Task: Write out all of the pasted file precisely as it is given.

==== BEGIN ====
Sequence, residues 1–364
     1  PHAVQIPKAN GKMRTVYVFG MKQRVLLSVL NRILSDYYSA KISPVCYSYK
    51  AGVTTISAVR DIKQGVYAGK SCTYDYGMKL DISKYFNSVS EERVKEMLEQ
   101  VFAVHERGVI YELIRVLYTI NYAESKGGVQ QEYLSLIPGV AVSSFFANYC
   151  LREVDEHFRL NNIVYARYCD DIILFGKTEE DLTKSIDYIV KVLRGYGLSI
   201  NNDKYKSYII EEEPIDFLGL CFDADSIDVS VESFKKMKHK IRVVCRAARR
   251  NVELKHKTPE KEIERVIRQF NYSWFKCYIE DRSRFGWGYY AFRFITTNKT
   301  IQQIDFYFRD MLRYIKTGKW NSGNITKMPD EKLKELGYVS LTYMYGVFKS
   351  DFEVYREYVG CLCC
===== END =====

Sequence, residues 1–364
     1  PHAVQIPKAN GKMRTVYVFG MKQRVLLSVL NRILSDYYSA KISPVCYSYK
    51  AGVTTISAVR DIKQGVYAGK SCTYDYGMKL DISKYFNSVS EERVKEMLEQ
   101  VFAVHERGVI YELIRVLYTI NYAESKGGVQ QEYLSLIPGV AVSSFFANYC
   151  LREVDEHFRL NNIVYARYCD DIILFGKTEE DLTKSIDYIV KVLRGYGLSI
   201  NNDKYKSYII EEEPIDFLGL CFDADSIDVS VESFKKMKHK IRVVCRAARR
   251  NVELKHKTPE KEIERVIRQF NYSWFKCYIE DRSRFGWGYY AFRFITTNKT
   301  IQQIDFYFRD MLRYIKTGKW NSGNITKMPD EKLKELGYVS LTYMYGVFKS
   351  DFEVYREYVG CLCC